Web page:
Early April blooms! Tulipa clusiana Tubergen’s Gem makes a surprise reappearance. Look at those crazy columbines! Evidence of the Dahlberg daisies amongst the verbena. The Emerald Snow lorapetalum is drenched in white. The begonias in the sidewalk bed are also making a comeback. The Mardi Gras abelia is making some vertical leaps. And my new Hort Couture Lion Fish coleus and Sunset Velvet Oxalis from Calloways are getting comfortable in their new home.
Slaving away in the high 90s…it might as well have been 100 degrees in the shade. This was a searingly long hot day to be working in the garden, but worked (and sweated aplenty) I did. I managed to plant many that had been waiting quite a while for their new homes: both Dixie Chip ajuga, variegated geranium, 3 more Origami Red columbines, all 6 of the red spider lily bulbs, 8 Lanai Purple Star verbena, 2 Calico ornamental peppers. I also transplanted a few of the Navona lily bulbs closer to the back wall, relocated the 2 Charmed Wine oxalis, tore out 3 of the under-performing azaleas (Delaware, Macrantha and Crimson), and cleaned out much of the dead/dying pansies. I also gave the red and white dianthus in the lily bed a good haircut, while pulling out as much of the weeds as I could. After intermittent breaks and drives to the local Home Depots, I also picked up another bag of compost and MiracleGro garden soil, and 3 bags of cedar mulch. The cedar went to the lily bed and part of the purple bed, including my delicate geranium. I hope to use some of it to protect the hostas in front.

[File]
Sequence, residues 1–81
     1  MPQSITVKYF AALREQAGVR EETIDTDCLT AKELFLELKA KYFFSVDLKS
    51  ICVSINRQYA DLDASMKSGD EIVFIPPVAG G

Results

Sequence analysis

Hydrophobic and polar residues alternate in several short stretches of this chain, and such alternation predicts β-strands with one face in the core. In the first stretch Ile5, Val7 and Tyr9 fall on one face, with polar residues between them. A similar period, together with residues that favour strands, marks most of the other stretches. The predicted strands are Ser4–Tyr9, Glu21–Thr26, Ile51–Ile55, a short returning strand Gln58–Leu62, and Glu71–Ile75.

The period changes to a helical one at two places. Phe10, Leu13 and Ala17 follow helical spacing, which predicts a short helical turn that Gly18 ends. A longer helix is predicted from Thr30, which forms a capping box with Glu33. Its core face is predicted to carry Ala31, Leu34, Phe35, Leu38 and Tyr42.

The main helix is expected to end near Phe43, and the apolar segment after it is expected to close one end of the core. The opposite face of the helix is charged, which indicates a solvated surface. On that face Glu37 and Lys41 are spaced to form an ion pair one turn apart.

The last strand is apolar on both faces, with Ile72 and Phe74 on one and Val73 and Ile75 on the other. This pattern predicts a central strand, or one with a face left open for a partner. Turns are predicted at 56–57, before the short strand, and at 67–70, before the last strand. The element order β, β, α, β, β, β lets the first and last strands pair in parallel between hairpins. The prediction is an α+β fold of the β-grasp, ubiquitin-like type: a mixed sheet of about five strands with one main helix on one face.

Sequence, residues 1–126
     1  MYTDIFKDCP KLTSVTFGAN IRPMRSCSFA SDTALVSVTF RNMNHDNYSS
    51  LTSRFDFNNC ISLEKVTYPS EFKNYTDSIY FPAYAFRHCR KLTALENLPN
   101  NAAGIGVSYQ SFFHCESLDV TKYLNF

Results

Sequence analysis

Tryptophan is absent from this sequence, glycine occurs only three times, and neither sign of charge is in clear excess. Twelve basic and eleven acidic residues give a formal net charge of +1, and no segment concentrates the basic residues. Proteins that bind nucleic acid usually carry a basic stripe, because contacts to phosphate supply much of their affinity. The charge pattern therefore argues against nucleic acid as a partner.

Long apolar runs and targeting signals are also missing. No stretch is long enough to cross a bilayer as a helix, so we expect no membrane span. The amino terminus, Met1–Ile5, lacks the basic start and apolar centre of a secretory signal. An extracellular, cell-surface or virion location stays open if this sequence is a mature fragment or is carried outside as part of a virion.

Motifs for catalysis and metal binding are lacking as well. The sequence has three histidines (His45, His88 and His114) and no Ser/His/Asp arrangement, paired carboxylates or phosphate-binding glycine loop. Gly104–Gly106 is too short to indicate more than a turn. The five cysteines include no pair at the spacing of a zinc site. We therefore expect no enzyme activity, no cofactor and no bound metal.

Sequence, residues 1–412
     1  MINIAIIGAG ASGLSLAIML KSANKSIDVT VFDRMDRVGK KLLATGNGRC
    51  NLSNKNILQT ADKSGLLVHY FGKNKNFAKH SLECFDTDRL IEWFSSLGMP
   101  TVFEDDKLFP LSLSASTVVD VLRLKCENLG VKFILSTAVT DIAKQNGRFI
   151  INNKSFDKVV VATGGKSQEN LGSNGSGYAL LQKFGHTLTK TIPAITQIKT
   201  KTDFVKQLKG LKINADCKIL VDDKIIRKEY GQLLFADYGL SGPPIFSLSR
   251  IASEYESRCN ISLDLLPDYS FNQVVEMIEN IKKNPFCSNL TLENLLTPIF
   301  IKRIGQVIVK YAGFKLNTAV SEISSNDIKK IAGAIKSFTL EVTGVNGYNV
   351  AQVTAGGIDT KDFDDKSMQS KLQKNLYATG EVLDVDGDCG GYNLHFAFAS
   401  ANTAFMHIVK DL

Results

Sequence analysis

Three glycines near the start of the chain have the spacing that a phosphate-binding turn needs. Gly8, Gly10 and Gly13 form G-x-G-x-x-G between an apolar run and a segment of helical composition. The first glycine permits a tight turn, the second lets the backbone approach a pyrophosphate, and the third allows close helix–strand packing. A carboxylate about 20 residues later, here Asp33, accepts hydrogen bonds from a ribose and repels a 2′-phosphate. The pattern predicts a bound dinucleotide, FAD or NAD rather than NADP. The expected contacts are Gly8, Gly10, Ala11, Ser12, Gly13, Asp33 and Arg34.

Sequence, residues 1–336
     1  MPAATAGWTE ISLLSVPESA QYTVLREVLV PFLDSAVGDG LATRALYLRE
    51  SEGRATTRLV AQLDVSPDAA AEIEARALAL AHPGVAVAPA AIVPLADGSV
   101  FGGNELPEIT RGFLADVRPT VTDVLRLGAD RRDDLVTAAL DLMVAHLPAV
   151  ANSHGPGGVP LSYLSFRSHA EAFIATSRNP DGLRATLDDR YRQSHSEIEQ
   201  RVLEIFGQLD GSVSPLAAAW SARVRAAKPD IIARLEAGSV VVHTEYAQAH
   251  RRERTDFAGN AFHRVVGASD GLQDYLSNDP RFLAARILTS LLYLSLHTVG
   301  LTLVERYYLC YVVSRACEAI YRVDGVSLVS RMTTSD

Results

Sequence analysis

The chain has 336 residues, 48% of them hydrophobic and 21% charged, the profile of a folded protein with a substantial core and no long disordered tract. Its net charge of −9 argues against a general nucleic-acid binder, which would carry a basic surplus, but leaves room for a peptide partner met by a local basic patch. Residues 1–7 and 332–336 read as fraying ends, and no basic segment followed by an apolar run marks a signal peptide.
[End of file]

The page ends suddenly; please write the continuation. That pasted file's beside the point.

Of course, some of the gardening had to be interrupted by some unwelcome guests. Wooly aphids and nest-building wasps caused me a great deal of stress–especially after I came close to smashing into the wasp nest while moving the lilies. Of course, I just had to take the soap to the wooly critters–but the wasps did send me running after I tried (and failed) to jar both nest and wasps in one fell swoop. Luckily, my man fetched a wasp killer from the grocery store–thereby ending the rampage.